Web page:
Orders are processed in a transaction which will never span multiple orders. Each consumer can processes orders in parallel, but in a FIFO manner within a order.

Let’s take a look at how this might look in Azure:

The image is a flowchart representing a transaction processing system with multiple steps and actors. It begins on the left with a symbol labeled “Producer,” which resembles a lightning bolt, indicating an action or event generation. An arrow leads from the Producer to a symbol labeled “Ledger Queue,” depicted as a database icon. Another arrow extends from the Ledger Queue to a “Ledger Processor,” which is represented by the same lightning bolt icon as the Producer.

We have a ledge processor that fans out messages by de-batching the content of each message in the first queue. The ledger processor Function takes care of processing the ledger one transaction at a time. It then sets the SessionId of the message to match the order ID, so the broker knows that these messages need to be processed within the same batch. It then sends each transaction to our transactions queue with the SessionId set to the order ID.

Each consumer Function will listen to the Transaction queue where each matching order ID message will be processed in the queue using peek-lock mode.

What should we keep in mind when using the Sequential Convoy pattern?

Scaling can be an issue here, since the ledger queue will be the primary bottleneck. Use a property of your incoming message to scale out on. In the e-commerce example, this could be the order ID. Your required throughput should also be taken into account.

As you scale, how you add categories to the convoy will also be a factor to consider. You may need to consider adding ledger processors to accommodate for new categories that you add to the system.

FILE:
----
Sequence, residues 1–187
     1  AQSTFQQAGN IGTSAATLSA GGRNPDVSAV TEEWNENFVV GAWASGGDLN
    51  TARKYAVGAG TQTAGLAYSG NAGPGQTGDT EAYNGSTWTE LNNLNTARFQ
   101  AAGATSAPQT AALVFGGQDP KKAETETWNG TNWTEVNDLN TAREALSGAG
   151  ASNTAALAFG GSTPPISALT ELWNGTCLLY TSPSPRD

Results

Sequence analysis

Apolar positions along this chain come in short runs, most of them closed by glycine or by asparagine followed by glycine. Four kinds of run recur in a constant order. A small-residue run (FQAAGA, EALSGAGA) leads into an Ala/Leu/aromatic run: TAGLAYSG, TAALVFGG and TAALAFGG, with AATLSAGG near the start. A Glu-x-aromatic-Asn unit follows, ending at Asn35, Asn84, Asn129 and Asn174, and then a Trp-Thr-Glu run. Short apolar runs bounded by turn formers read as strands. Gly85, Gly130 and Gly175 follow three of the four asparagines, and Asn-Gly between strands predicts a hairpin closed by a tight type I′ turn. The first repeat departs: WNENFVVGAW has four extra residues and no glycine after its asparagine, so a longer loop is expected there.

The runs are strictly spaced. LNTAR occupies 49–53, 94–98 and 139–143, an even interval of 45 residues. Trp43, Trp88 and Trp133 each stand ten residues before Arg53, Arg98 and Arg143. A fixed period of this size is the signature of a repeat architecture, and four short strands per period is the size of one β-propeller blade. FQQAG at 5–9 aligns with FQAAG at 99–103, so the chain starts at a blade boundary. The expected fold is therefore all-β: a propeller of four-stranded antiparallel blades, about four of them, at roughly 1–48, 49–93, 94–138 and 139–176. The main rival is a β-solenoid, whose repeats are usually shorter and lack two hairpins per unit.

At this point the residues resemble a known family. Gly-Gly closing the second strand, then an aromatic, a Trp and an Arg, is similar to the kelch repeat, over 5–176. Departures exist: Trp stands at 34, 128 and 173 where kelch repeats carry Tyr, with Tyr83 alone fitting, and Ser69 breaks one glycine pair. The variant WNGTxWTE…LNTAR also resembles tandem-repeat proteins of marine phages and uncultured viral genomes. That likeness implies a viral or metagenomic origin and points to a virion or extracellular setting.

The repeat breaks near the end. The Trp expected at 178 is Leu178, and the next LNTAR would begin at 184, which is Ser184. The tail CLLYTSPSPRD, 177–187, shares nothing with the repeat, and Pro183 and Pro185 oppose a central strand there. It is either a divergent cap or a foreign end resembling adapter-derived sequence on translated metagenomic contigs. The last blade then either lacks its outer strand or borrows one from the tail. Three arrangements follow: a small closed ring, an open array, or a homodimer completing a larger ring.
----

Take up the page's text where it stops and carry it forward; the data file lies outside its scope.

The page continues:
Finally, consider the message broker that you’ll be using. If it allows for one-at-a-time processing of messages within a category, great! If not, you may need to consider alternatives. Regardless of message broker, you may receive messages that are out of order due to network latency. You may have to implement a flag within your last message to indicate that it is indeed the last message to process. Sequence numbers may also need to be considered if you have multiple messages as part of a transaction.

When should use the Sequential Convoy pattern and when shouldn’t we?

If you have messages that arrive in an order and MUST be processed within that order, or your incoming messages can be categorized in a way that it becomes a unit of scale for the system, then the Sequential Convoy pattern is an effective pattern for handling those messages.

This pattern is not suitable for scenarios where you have extremely high throughput scenarios (such as processing millions of messages per second or minute). This is because the FIFO requirements of Sequential Convoys limits the scaling of your system.


In this article, we discussed the Sequential Convoy pattern, how it works, what we should keep in mind when using this pattern, and when we should and shouln’t use it.

If you want to read more about this pattern, check out the following resources:

If you have any questions, feel free to reach out to me on X/Twitter @willvelida

Until next time, Happy coding! 🤓🖥️